Equity release involves using the equity in the family home to release funds, either by taking out a mortgage secured on the home or by selling part of the home. This could form part of a plan for retirement, but anyone considering equity release must take into account the pitfalls.
A lifetime mortgage may normally be taken out by individuals over a certain age, some arrangements requiring a minimum age of 55. Usually in an equity release arrangement involving a lifetime mortgage, a loan is made on the basis of equity in the home. No monthly repayments or interest payments are needed because the interest is rolled up with the mortgage and paid off when the house is sold. It should normally still be possible for the borrower to move house, provided that the new house meets the same requirements as the previous home for continuing the arrangement. The borrower should check the possibility of obtaining a guarantee that stipulates that, when the arrangement ends the borrower (or the borrower's estate) is not required to pay more money than is received for the sale of the property. An alternative way of using home equity to take out a mortgage is to arrange for a smaller release of funds at the beginning of the arrangement while retaining the possibility of accessing a reserve of funds that may be released as and when required by the borrower. Anyone considering this type of arrangement must take into account the applicable interest rate, which is likely to be rather higher than for other types of mortgage. Another very important consideration is that interest is charged on the whole outstanding mortgage including the rolled-up interest, so the interest charges may increase rapidly. If the mortgage is paid off early, there may be fees or penalties.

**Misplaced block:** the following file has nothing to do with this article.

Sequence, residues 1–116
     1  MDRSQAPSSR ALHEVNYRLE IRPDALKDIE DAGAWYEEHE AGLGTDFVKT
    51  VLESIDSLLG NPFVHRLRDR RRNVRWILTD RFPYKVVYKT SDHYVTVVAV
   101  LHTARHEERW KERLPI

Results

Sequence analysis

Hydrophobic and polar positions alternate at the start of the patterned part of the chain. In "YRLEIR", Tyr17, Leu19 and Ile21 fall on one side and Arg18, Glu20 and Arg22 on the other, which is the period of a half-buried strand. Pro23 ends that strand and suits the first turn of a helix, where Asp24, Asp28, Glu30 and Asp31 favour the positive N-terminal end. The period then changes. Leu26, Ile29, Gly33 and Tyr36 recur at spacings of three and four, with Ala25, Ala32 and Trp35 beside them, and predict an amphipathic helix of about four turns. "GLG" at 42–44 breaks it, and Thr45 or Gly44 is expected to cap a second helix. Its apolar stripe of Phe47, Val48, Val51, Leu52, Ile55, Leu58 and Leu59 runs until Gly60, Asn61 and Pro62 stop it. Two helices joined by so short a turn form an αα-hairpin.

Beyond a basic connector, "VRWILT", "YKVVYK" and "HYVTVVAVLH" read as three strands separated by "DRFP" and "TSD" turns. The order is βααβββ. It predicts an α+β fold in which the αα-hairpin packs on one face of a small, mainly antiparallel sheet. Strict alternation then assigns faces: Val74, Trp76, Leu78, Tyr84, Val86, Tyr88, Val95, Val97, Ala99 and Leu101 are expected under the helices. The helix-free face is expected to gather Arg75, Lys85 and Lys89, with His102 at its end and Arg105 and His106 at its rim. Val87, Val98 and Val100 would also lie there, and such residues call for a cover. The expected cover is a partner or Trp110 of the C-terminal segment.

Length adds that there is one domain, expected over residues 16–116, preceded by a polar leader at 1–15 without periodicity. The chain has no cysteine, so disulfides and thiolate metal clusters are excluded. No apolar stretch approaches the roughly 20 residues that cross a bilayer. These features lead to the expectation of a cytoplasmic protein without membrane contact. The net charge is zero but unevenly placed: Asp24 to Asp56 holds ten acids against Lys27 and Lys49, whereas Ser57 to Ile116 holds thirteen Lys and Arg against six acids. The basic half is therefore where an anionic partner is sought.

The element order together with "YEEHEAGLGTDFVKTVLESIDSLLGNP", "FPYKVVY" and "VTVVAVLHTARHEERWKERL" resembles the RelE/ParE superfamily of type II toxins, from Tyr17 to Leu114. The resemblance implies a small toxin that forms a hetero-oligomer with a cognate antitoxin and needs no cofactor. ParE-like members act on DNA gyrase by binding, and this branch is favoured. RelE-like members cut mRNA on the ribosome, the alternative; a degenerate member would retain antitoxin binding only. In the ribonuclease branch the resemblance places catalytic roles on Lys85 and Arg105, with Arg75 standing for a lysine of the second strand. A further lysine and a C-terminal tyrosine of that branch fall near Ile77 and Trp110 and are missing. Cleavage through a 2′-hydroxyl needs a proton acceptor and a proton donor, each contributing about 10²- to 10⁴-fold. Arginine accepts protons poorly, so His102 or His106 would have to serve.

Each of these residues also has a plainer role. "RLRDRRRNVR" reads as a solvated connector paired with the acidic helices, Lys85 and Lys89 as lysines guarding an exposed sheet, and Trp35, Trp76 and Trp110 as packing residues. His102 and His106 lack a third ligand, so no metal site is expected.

Some of the equity in the home may also be released by the sale of part or the whole of the family home to a reversion provider. This gives the householder a lump sum, while allowing the seller to continue living in the home until their death or until they have to move out of the house for other reasons such as long term-care. As the householder may normally remain in the house rent-free under this type of arrangement, the amount received from the sale of part of the house to the reversion provider will be less than the market value, taking this rent-free accommodation into account. Normally, under this type of arrangement any money released to the householder would have to be used first to pay off any existing mortgage on the home.